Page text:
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Viet Mai is a mentor to middle and high school children whose parents are incarcerated. He seeks to help his mentees build tools for self-empowerment and break the cycle of incarceration.

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Bishop Hall Charter School is a non-traditional charter school that offers students resources to succeed at every learning level. The school emphasizes community service through weekly volunteering programs, which range from tutoring to local cleanups.

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Kate Slate shares reflections from a Born This Way Foundation luncheon, where co-founder Cynthia Germanotta discussed recent survey findings on young people’s mental health and access to support.

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The Ride for Missing Children is an annual event that raises awareness about missing children and helps support families looking for their loved ones. The event is a major fundraiser for missing children community education programs and geographically targeted poster distribution.

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Matthew Gates kindly shares strategies for college students to care for their mental health during finals.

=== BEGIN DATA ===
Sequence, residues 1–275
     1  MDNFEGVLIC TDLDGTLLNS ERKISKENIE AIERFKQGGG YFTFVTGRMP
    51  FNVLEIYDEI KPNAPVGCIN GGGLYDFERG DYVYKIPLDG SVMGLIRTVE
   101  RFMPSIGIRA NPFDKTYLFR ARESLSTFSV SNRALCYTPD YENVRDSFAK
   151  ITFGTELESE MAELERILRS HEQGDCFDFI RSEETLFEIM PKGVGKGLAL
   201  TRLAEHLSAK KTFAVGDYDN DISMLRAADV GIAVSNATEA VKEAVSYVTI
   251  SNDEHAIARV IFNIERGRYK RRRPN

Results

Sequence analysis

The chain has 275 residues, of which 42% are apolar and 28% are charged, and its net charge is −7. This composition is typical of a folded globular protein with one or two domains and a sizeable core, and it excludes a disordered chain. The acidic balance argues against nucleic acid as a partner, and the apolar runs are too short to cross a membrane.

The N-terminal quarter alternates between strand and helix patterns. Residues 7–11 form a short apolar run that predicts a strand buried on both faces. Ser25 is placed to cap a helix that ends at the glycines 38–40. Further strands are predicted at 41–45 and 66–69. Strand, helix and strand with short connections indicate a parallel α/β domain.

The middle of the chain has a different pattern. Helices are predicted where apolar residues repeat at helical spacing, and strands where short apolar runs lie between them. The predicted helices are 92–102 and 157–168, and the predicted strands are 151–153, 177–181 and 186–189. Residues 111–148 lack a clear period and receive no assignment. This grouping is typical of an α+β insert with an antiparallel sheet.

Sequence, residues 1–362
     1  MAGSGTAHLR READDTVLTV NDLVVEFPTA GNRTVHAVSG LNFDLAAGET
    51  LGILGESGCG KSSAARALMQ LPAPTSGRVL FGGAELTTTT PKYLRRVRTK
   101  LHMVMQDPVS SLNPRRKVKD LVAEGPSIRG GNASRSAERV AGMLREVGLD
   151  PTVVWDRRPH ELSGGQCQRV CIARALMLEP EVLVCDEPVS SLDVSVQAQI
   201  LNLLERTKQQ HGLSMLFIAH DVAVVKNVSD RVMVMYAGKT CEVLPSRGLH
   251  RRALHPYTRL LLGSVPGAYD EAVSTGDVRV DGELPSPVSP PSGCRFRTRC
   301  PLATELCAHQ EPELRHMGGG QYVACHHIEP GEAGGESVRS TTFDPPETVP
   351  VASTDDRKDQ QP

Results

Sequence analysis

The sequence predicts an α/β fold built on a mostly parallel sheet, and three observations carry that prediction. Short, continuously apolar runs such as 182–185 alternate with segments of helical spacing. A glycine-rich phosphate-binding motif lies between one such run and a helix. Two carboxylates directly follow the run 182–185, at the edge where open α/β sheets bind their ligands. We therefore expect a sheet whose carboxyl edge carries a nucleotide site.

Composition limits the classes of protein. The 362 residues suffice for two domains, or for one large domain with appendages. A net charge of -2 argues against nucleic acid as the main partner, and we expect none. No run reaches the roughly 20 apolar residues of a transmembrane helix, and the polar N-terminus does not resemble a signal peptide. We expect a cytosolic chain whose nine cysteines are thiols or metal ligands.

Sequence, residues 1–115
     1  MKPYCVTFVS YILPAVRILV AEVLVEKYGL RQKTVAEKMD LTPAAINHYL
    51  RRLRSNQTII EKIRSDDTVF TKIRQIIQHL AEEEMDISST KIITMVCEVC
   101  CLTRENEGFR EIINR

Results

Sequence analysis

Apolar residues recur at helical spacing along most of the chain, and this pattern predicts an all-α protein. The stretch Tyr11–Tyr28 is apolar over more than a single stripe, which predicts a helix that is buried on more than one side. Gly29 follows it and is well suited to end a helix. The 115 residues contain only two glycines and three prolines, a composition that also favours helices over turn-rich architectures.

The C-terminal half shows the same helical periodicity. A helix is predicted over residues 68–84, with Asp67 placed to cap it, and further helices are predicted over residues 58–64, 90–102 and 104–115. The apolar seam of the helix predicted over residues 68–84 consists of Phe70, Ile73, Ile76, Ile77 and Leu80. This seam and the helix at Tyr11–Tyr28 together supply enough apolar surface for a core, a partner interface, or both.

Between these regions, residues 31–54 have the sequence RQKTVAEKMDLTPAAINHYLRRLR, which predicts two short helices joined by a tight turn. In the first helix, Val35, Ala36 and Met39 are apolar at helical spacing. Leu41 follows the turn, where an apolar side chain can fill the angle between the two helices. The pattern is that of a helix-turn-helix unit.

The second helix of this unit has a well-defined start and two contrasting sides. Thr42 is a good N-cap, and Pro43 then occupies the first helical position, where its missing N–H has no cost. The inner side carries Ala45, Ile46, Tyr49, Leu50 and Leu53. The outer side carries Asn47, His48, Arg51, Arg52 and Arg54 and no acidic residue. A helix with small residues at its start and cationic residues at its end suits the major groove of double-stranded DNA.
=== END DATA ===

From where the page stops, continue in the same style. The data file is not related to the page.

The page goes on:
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Youth Opportunities Unlimited (Y.O.U.) gives young people a path to economic self sufficiency through employment preparation, entrepreneurship programs, summer opportunities, and support structures.

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Empower Yolo began as a crisis center for sexual assault survivors and has grown into a county-wide organization that builds resilient communities through hotlines, women and youth leadership groups, community events, and many more kind initiatives.

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A mural on the University of Edinburgh campus gave me a sense of power. “Support Women of Color: still brown, still breathing, still woman, still magical,” it read. This mural continued my strength to fight for women’s equality. My sense of the world has very much expanded. These issues are more than just local or national ones – we are fighting the same things across the globe.

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The South Shore Children’s Chorus (SSCC), a nonprofit organization that gives students the opportunity to learn and grow as musicians, aims to create a “safe, loving community for students to learn, to grow, and to find their own voice.”